“To make sure parents have all mementoes of their baby that they would like; to make sure parents know they have no been ‘cast adrift’ from the unit- you become so close to staff whil your baby is being cared for going home is like an estra wrench on tope of the loss of your baby; to make sure parents know how to access counseling. I would also add a couple points about traumatic birth- whether it’s something like PPH or an illness such as preeclampsia and HELLP syndrome- that mums know where to get information about what happened to them and why, and how to access support/forums/debrief about the birth.” –mother of Hugo, born at 24 weeks and lived for 35 days

What more do you have to add?

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Would you rather know?

The thought came up in my bereavement group. Someone said they just wished they were told that babies died- that these awful things can happen- hearts stop beating in utero, water breaks too early, placentas abrupt, birth defects are incompatible with life, babies are deprived of oxygen in labor. Being someone who knew that babies die for all sorts of terrible, but not common reasons, I can’t identify with that wish. In some ways I wish I didn’t know. Of course, I sought information and am thankful I knew what I knew so I could prepare. But in general, I’m not sure all pregnant women want to know. And as a provider I’m not sure I want them to know. There are some things, yes, I think it’s important they know- ones that they have control over or can test for, but the unpredictable? I don’t think I want all my patients living in unnecessary fear. I’m sad I missed out on the blissful ignorance of a first (or second, or third…) pregnancy. I thought it was bad enough having extra information as a midwife, but then being given the actual knowledge that my baby might die, I never really enjoyed being pregnant in the way I wish I could. I’m not sure I ever will.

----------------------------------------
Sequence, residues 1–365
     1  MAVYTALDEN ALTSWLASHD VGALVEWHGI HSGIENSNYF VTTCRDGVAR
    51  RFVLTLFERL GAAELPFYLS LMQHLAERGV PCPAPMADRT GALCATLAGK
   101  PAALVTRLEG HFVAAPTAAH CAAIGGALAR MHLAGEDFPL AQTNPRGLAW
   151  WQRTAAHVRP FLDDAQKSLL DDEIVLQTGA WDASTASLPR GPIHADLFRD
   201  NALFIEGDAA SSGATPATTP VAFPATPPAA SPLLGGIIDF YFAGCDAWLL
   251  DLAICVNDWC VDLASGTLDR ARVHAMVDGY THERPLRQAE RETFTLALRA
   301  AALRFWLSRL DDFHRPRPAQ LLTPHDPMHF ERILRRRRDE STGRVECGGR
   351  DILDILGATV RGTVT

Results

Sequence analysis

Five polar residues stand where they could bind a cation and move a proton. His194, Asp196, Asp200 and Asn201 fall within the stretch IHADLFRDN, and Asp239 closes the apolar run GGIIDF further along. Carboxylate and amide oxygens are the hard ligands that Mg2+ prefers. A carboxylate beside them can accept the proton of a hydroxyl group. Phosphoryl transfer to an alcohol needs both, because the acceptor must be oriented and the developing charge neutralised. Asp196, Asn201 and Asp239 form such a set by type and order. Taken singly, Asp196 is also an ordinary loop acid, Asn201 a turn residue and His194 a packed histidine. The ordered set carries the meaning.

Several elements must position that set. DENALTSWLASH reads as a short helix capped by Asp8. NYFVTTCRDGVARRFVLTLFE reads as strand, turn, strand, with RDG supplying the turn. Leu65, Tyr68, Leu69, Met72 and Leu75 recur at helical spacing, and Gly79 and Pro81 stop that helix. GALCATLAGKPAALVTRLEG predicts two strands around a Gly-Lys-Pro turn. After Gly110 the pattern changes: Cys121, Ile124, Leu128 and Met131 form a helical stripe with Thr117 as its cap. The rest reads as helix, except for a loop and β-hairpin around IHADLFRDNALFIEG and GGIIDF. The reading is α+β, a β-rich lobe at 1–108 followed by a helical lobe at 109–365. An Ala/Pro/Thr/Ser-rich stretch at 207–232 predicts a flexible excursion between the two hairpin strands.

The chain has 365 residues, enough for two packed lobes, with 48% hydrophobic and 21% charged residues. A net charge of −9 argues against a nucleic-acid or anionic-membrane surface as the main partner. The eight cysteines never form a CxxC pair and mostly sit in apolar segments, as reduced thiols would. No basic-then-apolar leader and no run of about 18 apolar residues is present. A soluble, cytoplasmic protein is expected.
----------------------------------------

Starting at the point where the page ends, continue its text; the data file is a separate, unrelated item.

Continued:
I had a patient- an educated one, a nurse in fact, in front of me for her first OB appointment. I was doing my usual spiel when we got to genetic testing. I don’t have endless time, so I try to summarize and simplify the issues as best I can. She had no risk factors, so I talked of a test that can detect the risk of having a baby with Down Syndrome and trisomy 18 and 13. I usually qualify the statement, explaining most people are familiar with DS, but the other trisomies can be more severe and those babies don’t often survive the pregnancy and rarely live into childhood. I talk much more in detail about them if people ask (surprisingly few do), but it is important for me to let people know what they have the chance to test for. If a woman declines testing, I have to ask “If you knew you were going to have a baby with DS or a trisomy, and you knew that baby wouldn’t live, would you terminate the pregnancy?” I am pro-choice (pro-information!) and just need people to be comfortable with their choices. And sadly, medically legally, this question is important. There have been wrongful life cases in Connecticut (talk about sad, people suing their providers because they wish their living child had been terminated). I need to document their wishes. I don’t even cringe when people say yes, they would terminate a baby with DS. But I have a problem when people declines testing because they think it won’t happen to them.